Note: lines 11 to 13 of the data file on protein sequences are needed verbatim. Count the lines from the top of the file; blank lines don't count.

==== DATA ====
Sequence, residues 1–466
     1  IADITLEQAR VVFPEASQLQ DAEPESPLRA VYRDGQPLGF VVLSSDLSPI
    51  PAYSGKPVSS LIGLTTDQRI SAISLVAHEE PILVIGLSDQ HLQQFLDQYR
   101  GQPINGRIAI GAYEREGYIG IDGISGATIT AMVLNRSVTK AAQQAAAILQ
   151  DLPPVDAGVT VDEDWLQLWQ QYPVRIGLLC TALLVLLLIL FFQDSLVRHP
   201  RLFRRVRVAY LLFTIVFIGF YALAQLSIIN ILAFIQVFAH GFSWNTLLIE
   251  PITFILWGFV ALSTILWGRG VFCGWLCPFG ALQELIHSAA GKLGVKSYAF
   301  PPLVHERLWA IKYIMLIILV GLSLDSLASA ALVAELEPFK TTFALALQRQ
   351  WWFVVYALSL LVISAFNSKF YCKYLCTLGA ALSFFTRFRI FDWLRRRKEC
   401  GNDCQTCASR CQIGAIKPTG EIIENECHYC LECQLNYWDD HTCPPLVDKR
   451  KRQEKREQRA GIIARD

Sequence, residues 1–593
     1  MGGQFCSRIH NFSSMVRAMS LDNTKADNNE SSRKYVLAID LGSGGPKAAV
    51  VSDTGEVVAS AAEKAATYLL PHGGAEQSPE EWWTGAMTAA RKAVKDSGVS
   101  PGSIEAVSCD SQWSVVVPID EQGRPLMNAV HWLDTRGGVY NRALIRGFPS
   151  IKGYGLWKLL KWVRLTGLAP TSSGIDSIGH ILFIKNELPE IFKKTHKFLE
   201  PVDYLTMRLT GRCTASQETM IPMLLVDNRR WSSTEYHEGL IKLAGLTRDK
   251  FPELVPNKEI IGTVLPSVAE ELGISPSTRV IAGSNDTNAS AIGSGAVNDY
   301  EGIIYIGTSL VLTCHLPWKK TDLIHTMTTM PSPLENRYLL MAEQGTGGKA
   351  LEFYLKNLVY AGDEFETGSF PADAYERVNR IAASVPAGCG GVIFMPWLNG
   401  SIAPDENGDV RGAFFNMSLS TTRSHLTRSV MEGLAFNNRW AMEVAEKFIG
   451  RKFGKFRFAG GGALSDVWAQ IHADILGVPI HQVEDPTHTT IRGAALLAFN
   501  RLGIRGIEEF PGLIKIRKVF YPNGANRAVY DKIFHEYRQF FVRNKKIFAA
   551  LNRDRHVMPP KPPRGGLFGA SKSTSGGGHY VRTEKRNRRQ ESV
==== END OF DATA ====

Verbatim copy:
   451  KRQEKREQRA GIIARD

Sequence, residues 1–593
     1  MGGQFCSRIH NFSSMVRAMS LDNTKADNNE SSRKYVLAID LGSGGPKAAV